It all began back in 2009 when a neighbor was having a pecan tree taken down. I came over to watch the arborist at work, and I asked if I could have part of the trunk. He kindly dropped a 5-foot section in my front yard. My family was amused.
I immediately set to work trying to split the log into billets.
Before I got very far, I threw out my back while working on it. I painted the ends with some latex paint I had on hand and hoped I could get back to it soon. The log sat in the yard for several months before I managed to split it into eight big pieces and drag them into the shed to keep out of the weather.
It was nearly a year before I was able to cut one or two up on my little bandsaw. When I did, though, I found that much of the sapwood had spalted beautifully. (The red stuff on the ends is wax to seal the ends and prevent checking–I salvaged the wax from the remnants of an old pillar candle.) The darker, harder heartwood does not spalt.
It has now been four and a half years since the log came to me. Since then, I’ve been cutting it up slowly, and I have made quite a few items–mostly tools and tool parts–from my stash of spalted pecan.
To answer two common questions up front: No, this spalting doesn’t significantly weaken the wood. Pecan is very strong anyway, and when it does rot, it’s obvious. And no, the spalting is not dangerous or allergenic. The fungus that causes spalted figure dies as the wood dries out, and by the time I’m building anything with the wood, the organism is long dead.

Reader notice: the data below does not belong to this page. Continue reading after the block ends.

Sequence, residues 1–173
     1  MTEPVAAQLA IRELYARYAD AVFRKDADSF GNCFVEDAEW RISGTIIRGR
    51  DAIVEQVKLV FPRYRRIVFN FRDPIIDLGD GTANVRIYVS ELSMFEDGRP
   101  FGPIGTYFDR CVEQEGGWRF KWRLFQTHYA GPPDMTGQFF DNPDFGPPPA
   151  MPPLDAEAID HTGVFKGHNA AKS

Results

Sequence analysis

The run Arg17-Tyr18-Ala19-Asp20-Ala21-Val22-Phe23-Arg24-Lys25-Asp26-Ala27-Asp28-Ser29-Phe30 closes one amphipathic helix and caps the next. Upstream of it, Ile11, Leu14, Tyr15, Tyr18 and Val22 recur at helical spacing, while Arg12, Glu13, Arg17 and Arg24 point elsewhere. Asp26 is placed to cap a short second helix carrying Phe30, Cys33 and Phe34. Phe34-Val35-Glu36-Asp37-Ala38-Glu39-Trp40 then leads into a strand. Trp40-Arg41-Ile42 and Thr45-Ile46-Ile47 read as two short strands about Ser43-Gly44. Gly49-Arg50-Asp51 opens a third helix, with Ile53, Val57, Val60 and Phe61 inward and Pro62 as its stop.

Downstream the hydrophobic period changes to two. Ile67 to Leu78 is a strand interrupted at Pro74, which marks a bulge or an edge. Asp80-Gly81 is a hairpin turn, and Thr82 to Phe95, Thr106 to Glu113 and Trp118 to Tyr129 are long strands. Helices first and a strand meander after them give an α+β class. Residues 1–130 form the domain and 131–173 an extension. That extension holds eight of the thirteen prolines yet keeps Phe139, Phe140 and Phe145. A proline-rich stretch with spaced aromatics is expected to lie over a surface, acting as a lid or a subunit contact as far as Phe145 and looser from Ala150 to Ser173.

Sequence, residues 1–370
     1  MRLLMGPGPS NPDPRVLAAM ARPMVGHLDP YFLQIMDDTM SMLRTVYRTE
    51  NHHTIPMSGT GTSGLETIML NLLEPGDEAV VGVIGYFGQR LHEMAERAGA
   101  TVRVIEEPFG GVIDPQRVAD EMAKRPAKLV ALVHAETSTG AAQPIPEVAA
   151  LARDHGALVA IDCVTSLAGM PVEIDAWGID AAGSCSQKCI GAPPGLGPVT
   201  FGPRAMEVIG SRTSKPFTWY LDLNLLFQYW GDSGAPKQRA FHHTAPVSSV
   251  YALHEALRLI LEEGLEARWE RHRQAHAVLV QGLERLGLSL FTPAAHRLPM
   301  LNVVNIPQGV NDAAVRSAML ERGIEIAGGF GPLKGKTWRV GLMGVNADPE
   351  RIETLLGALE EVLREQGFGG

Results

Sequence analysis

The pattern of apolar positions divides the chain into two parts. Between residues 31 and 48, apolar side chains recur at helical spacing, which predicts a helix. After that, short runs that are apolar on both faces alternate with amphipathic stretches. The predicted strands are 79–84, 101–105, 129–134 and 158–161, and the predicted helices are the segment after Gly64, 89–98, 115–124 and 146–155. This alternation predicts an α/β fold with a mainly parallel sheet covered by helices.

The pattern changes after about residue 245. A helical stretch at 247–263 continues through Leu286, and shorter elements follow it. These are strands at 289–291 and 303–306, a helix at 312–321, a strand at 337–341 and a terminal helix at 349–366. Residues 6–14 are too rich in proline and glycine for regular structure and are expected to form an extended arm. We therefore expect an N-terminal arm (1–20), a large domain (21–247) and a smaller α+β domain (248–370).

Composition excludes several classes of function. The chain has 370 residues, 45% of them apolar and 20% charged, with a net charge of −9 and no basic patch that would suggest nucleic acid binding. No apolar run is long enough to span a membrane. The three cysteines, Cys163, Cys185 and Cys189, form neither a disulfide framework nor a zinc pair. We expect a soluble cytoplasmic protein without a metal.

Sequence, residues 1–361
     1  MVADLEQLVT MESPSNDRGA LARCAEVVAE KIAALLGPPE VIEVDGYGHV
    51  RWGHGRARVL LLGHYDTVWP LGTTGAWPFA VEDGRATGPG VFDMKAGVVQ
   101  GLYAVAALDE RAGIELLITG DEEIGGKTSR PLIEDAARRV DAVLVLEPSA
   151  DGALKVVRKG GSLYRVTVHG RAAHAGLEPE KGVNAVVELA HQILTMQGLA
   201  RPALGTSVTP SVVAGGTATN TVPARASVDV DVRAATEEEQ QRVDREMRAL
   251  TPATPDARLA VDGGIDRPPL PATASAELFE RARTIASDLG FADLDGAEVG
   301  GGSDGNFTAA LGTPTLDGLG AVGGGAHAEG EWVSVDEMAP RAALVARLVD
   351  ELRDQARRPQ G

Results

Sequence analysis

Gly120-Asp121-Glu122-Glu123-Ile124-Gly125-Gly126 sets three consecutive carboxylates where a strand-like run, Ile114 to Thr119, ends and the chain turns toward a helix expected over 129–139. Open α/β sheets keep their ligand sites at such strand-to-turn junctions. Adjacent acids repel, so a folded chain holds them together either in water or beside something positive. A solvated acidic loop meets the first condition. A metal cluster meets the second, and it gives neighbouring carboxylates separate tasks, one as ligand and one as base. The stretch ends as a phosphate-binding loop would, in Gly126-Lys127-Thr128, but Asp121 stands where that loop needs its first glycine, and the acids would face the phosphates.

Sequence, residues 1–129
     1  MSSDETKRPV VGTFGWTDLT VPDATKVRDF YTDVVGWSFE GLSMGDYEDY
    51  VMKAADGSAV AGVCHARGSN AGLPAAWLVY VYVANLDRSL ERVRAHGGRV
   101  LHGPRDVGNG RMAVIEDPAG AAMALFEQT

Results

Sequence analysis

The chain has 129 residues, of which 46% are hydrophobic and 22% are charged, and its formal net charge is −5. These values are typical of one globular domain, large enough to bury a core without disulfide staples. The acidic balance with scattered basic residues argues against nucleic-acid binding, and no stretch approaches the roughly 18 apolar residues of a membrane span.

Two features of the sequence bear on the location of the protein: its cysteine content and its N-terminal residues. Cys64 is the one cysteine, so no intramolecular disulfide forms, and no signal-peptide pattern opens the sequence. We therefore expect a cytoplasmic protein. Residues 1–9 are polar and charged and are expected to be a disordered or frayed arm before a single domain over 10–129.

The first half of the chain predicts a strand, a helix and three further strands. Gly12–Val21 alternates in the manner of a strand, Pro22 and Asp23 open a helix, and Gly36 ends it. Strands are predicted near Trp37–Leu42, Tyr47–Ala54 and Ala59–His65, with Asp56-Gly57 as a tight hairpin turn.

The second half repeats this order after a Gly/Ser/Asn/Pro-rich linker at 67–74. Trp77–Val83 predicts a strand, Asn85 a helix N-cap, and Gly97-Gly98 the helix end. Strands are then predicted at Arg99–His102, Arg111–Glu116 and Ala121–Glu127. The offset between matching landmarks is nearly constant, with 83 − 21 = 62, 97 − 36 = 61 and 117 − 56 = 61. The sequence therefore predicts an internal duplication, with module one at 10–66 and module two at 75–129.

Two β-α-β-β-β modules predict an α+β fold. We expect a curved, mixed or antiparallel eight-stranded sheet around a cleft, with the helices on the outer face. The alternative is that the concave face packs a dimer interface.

Here are a few items I’ve made with spalted pecan.
Scratch stocks. The gauge-style stock on the left is pecan and cherry.
A number of marking gauges. The ones in the middle have since migrated to other homes.
Chisel handles. Pecan is an ideal chisel handle anyway, being hard and quite difficult to split. The spalting gives it a unique character.
I made a few mallets out of the wood, but this was my favorite. It has also since been sent to a good home.
A turning saw made with the kit from Tools for Working Wood.
A stair saw. The metal components are a kit from my friend Dominic at TGIAG Toolworks.
And, of course, a pecan-and-cherry tool chest to put them all into.
I’m nearly half way through my stash of spalted pecan now, but I should still have lots more to use for several years to come.